In october 2018 I stayed at the Buddhist temple of Sinheungsa inside Seoraksan National Park in the northeast of South Korea. The impotence coming from my censored performance of Languid Bodies in Guangzhou had been too much for me. I needed fresh air, nature, freedom, calm and meditation, and Sinheungsa gave me all of that.
At dawn that day we went for a meditation and chants session (as the Buddhist monk do every day); after that I decided to offer my Butoh moving with the flow of that day.
Here you have the video of that improvised performance.
We could say that Shamanism in Mongolia has almost disappeared as it has happened in many other parts of the world these days, but some parts in the north of the country are trying to keep alive this religious tradition, and they are doing it mainly because it is a popular believe among Mongolian people that shamanism actually works, and also because it is a good source of revenue from tourism national and international.
Knowing that the Ice festival in Khovsgol was holding a shamanistic ritual the night of its first day, I was looking forward to be there and watch it. Of course I was aware that this was not a purist exhibition of tribal ancient shamanism. What I was interested in was experiencing an event like this as it is performed nowadays, I was thinking in a mix of spectacle and healing ritual.
During the day visiting the festival I had a short visual introduction when I saw some folk sculptures depicting shamans in trance.
The Ice festival is hold on a large area of the frozen lake Khovsgol so it is the shamanic ritual. Cars and buses park on the frozen lake too, and from the parking place we had to walk on the ice in the dark among crowds of people, food and beverages stands, electronic music bars and whatever was happening in a popular festival at night. Once we got to the event place everything was even more chaotic: hundreds of people around the ritual space delimited by a fence, at the middle a kind of Native American teepee (I apologize for my ignorant comparison), but only made of long and dry tree branches with attached colourful ribbons, and around that kind of tent I counted other four smaller dry bushes all prepared to be burned; people walking from one part to the other inside the fence area preparing something that I couldn’t know exactly what; also there journalists, photographers and even a TV crew with their lights and mics making interviews.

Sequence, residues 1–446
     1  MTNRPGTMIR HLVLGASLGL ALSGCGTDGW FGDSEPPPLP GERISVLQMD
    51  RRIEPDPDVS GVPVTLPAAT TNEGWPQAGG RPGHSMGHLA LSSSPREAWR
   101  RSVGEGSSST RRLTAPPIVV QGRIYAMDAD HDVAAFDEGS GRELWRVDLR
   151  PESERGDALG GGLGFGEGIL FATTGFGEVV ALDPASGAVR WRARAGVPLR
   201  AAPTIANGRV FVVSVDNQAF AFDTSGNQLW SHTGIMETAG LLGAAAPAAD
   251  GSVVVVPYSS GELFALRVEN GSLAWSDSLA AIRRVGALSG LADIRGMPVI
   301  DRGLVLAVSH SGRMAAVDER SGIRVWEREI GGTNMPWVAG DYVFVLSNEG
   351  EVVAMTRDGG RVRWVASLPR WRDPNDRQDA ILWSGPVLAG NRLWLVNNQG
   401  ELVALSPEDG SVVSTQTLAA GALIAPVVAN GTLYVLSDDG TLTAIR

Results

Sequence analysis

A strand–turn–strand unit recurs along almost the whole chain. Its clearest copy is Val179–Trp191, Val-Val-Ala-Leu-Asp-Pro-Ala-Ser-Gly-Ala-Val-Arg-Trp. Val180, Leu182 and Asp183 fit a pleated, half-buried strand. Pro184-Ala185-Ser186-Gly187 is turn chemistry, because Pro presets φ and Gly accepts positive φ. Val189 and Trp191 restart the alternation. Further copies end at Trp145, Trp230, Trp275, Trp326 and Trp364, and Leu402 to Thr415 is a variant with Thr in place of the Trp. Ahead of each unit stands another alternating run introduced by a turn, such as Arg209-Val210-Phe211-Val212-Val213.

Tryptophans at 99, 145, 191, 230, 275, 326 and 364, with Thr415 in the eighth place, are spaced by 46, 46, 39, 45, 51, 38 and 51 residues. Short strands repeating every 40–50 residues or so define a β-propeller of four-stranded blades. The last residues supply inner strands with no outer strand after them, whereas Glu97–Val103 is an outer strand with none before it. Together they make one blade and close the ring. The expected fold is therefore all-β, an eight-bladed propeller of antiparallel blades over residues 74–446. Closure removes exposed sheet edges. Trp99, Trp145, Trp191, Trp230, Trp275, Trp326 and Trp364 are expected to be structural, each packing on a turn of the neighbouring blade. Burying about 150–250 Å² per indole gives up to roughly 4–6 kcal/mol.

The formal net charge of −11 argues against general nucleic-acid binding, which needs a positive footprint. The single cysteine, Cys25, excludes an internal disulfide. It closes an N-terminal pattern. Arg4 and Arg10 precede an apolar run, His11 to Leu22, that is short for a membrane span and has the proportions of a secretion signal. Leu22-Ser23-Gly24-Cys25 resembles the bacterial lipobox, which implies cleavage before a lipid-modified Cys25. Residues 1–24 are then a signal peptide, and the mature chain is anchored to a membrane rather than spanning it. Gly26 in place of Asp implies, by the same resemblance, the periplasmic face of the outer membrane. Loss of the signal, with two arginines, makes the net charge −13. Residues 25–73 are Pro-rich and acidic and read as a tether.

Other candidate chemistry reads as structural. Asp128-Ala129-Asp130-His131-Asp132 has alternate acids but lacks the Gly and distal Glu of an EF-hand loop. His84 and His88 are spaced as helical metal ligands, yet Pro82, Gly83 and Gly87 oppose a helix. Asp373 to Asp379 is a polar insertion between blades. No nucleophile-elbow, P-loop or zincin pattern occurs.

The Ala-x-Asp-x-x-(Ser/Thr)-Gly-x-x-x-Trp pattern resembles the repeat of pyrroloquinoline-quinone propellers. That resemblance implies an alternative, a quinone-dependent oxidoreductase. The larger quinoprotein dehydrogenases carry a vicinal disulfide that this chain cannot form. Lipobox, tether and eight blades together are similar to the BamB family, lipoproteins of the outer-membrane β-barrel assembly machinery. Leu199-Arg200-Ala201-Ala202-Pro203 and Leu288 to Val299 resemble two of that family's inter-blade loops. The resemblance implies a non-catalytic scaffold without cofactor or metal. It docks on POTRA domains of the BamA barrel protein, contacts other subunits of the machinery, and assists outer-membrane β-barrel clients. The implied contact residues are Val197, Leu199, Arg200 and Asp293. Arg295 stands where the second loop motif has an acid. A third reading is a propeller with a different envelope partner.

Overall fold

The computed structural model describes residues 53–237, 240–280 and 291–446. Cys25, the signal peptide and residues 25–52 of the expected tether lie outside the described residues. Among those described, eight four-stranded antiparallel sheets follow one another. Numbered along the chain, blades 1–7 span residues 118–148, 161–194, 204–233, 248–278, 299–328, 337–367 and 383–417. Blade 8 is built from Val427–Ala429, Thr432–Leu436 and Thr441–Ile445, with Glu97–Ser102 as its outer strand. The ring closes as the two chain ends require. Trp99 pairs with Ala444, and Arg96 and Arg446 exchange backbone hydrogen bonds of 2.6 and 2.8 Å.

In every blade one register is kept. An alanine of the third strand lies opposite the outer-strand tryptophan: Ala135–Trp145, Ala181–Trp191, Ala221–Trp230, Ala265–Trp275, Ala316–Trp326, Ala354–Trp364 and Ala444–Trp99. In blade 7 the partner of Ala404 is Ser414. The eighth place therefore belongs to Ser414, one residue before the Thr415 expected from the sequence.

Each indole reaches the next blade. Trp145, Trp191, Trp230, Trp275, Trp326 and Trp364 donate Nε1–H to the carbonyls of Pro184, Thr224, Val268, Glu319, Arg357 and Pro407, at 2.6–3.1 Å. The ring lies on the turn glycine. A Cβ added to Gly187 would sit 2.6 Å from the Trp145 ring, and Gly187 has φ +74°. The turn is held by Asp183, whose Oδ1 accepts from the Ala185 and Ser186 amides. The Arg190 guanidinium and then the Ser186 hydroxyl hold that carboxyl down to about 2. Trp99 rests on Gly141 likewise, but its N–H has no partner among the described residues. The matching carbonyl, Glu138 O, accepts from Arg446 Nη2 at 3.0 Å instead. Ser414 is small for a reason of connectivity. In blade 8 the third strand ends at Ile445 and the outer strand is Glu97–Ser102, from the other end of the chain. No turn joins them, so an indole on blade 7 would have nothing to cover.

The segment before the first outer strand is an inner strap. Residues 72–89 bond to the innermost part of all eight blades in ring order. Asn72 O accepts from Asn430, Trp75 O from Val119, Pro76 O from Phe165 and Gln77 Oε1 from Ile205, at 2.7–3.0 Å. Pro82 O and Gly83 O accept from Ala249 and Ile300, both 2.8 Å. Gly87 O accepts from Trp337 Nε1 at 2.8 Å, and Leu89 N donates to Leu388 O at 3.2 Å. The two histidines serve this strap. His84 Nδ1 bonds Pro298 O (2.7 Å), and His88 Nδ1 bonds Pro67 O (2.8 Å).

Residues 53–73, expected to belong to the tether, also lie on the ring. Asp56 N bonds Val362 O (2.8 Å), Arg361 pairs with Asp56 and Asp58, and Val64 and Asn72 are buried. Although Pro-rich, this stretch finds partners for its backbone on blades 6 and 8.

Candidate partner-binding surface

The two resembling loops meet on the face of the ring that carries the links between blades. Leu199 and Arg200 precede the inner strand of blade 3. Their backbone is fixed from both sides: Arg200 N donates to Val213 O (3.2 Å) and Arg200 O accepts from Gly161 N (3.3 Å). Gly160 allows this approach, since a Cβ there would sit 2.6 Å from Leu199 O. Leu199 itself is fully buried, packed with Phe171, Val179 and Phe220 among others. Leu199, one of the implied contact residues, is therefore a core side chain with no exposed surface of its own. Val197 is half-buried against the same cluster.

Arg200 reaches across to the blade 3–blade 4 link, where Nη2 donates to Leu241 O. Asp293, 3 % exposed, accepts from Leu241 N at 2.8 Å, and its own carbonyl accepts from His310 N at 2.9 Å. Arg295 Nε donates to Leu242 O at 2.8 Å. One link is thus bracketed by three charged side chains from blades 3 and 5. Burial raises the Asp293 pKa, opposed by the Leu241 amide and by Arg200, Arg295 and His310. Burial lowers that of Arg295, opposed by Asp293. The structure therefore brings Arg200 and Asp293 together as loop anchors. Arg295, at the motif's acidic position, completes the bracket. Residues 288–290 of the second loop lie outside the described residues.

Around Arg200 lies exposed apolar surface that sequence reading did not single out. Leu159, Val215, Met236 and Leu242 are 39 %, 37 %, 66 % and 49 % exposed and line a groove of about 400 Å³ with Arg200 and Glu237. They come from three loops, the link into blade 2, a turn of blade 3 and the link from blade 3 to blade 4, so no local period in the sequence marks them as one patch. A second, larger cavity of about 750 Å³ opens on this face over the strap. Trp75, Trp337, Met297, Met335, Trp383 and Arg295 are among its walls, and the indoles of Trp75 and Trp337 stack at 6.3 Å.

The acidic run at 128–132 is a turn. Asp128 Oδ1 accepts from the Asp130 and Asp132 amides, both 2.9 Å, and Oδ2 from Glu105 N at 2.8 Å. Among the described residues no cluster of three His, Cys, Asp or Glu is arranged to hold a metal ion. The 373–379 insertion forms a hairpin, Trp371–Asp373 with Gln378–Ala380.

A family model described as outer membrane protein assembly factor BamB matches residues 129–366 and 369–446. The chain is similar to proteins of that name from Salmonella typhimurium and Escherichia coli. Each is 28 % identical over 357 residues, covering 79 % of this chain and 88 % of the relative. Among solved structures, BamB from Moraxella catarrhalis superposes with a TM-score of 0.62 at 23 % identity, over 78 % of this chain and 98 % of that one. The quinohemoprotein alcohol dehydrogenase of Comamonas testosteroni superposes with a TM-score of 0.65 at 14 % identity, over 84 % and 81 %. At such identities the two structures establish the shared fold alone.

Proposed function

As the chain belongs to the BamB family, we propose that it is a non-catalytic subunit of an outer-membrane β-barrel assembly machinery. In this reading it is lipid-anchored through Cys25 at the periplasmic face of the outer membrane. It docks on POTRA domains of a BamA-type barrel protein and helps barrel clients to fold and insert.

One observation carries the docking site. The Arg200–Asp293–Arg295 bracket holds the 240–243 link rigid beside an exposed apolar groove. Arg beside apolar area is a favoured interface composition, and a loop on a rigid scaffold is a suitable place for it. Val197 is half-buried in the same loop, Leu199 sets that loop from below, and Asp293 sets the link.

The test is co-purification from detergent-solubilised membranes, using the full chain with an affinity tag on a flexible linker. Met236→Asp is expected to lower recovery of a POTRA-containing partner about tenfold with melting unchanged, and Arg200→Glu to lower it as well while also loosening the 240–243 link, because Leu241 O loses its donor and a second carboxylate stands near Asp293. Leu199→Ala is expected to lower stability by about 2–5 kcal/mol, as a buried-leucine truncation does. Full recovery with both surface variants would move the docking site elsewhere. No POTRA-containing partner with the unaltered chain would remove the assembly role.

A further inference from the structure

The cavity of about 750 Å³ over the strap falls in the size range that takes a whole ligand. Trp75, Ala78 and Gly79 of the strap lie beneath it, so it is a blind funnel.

Trying to find a good place where to watch I kept myself going from one place to another during the whole event, staying at the best a few minutes at one spot before being literally pushed away by other spectators.
There was a voice of a man all the time speaking with a microphone (later that night the guide told us that this man was giving information about what was happening, only in Mongolian, but from his point of view it was an excess of information), like narrating a sport event in real time.
After a few minutes in that chaos I could differentiate the image of the shaman, a woman. She was walking all around the place looking to the floor and to the sky; she started to spit some liquid from her mouth and then with a bottle flicking the liquid to the audience who reacted at unison, all shouting the same words and trying to reach the flicked water with their hands. Not much after that the shaman was moving quicker, jumping; also being hold by other people she was fainting. From afar I could observe her face, she was in a trance, with her eyes closed and making rhythmics noises with her voice. Jumping again -always in a very rhythmic way- her dress, made of pieces of clothes and animals, gave me the impression of an expanded body, like feathers, like growing wings. Then some of the men around made her to wear a mask and a kind of hat (or tocado) made with two long feathers, looking from afar it looked possibly like a rabbit, but I’m sure it was more like trying to be some kind of bird, probably an eagle. The last addition was a hand drum, a large circular hand drum, which she started to play rhythmically while singing. A sound that even with the noisy crowd surrounding us we all could listening to very clear. The small bushes were already on fire.
The now transformed shaman started to dance or moving rhythmically all around the place touching some people, hitting some others with the drum and with the stick, sometimes falling to the floor and going again to jump rhythmically. Someone lighted the main bush and a great fire took the main stage. Probably it was the night, the wind or the movements around, but that great fire got to my eyes the shape of some human and animal forms: the animistic world was there and think we all there were living in it as well.
I guess watching the next images you will agree with me about those shapes of the big fire that night.